Chaos broke out and in the other consecutive months many people were being arrested for witchcraft accusation of bewitching young girls in the Salem. However no one was bullet proof to these accusations when a famous loyal churchgoer was charged with witchcraft and people began to panic. This is because pinpointing of even innocent people that had not history of witchcraft began to occur. When people needed to eliminate someone from a leadership position they went ahead to ensure that they were falsely accused of witchcraft and even went into jail. The basic assumption was that if Martha Corey a famous churchgoer had been charged and accused of witchcraft then basically anyone else in the Salem community would probably face same charges because she was seen and perceived to be the most religious. As more and more charges were brought before courts and responsible authorities people from Salem and even surrounding areas were brought in for questioning. Many of the accused however were simply unable to defend themselves because these charges were simply biased in nature and it was also very difficult to prove whether an individual was with or not. It was pathetic that the authorities went ahead to allow fake evidence such as foul gossips and other merely unsupported evidence and assertions. For example dreams and visions by people believed to decode witchcraft would be used against people and victims and these sets of evidence in a modern day would not build any form of solid evidence against the people. For example even after Rebecca nurse had even provided enough evidence that were beyond any reasonable doubts to prove that she was not guilty the presiding judge in these trial decided to reconvene the jury in order to reconsider the laid down facts. To the surprise of many after the trial the nurse was found to be guilty and even convicted to be hanged. It was now clear that those who were weak and timid in their justification about their association with witchcraft would definitely be hanged .killed or convicted. In the year 1692 frenzy executions were conducted and an elderly old man was crushed to death with heavy stones.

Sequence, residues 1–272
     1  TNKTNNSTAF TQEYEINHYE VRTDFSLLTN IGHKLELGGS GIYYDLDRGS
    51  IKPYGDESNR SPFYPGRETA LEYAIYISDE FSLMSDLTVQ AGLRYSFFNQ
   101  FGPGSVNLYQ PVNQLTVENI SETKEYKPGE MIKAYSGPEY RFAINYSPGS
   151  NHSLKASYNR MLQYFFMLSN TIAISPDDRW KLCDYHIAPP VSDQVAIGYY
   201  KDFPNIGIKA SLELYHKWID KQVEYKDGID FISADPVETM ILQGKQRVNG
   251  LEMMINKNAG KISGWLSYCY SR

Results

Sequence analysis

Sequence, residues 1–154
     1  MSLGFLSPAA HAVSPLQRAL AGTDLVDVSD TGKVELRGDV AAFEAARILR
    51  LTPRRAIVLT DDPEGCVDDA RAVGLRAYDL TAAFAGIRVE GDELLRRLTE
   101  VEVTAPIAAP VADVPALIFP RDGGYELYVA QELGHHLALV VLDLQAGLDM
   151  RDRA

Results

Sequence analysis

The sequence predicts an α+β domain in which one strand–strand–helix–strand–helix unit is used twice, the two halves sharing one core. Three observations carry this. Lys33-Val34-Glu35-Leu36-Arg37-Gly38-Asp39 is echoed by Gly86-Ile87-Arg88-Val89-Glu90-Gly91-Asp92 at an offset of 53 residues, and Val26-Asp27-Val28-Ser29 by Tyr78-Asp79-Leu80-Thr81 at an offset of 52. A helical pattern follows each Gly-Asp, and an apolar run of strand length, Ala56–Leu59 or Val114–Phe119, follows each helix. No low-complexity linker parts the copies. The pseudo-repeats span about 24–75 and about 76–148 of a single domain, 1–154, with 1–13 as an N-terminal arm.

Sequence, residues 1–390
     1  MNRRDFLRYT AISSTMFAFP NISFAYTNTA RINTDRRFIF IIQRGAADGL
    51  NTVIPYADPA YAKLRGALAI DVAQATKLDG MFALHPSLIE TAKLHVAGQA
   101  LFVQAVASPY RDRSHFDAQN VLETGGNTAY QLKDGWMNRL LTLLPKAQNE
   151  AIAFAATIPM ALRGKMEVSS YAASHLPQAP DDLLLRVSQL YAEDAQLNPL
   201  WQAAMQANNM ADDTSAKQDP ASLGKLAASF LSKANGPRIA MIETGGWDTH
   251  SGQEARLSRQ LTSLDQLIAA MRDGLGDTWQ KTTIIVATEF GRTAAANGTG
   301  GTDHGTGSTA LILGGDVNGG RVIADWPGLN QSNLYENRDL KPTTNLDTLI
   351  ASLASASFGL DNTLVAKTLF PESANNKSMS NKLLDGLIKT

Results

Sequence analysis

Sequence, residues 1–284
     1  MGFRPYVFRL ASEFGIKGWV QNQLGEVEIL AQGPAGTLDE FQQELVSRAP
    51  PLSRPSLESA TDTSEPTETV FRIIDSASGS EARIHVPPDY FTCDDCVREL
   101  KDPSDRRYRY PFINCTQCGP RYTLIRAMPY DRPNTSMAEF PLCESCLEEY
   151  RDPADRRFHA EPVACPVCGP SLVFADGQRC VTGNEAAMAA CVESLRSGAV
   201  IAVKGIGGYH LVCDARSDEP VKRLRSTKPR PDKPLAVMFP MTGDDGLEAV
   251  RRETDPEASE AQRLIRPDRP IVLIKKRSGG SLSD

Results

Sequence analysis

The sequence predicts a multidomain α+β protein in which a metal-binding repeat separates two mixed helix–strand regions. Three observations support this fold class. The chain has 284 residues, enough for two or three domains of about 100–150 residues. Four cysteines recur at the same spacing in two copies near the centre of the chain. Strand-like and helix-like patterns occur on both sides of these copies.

There seemed to be no end to these prejudicial killings and trials until the then educator and president of Harvard College begged the court to reconsider their decision since there was no room for testimony and evidence that included dreams or even visions. He also went on record in his publication it would be better to release ten suspected witches than killing one innocent person. In response to these Mather’s appeal The then Governor of Massachusetts William Phipps finally put an end to these unfair and unjust trials by suspending all th trials and even releasing all the people charged with witchcraft on may 1963.These action was widely welcomed by people and also put an end to this prejudicial kills that had occurred. Both religion and the church also played a major role in facilitating these trials because most of those accused were thought of being sinners and those who did not go to church. The trials also became personal and those who were in conflict with the church norms and tradition would easily be victimized and even mad to undergo trials. Solid and tangible evidence have to be well incorporated before a judge can fully declare someone guilty. From a critical point of view witchcraft is not verifiable an d no evidence can be used to prove whether someone is a witch or not. For example in the case scenario for the three girls, medical examination would have proved that they were suffering from a bad flue as opposed to witchcraft which many had claimed. During the 17th century religion also played major role in also determined who was right and wrong which was totally against their free will and ability to make decisions and live their lives how each one wished.

Conclusions

In conclusion the trials in Salem were clearly unjust. Witchcraft was non verifiable and no one could claim that supernatural forces could be used as evidence in a court of law. Accusing people of witchcraft was simply a clear way of getting rid of people regarded as outcasts and sinners in the church. Just by the mere fact that those accused were not allowed to have a legal counsel was clear violation of their human rights and the court had even failed to protect its people by allowing fake evidence in its rulings (Fels, 2017) Since the Salem trials were banned in 1702 the justice legal systems dramatically improved and hence before any accusation or case laws were allowed to precede solid evidence had to be provided before a court of law and carefully evaluated. In case the evidence was not sufficient the clients had to advise. Social rimes such as witchcraft which mostly rely on dark and supernaturally forces cannot be verified and accusing an individual would be totally wrong and illegal. Other dispute resolutions such arbitration would be used in order to settle this matters outside a court of law since it would be very hard for a judge to ascertain when, where and whether the occurrence had occurred or not.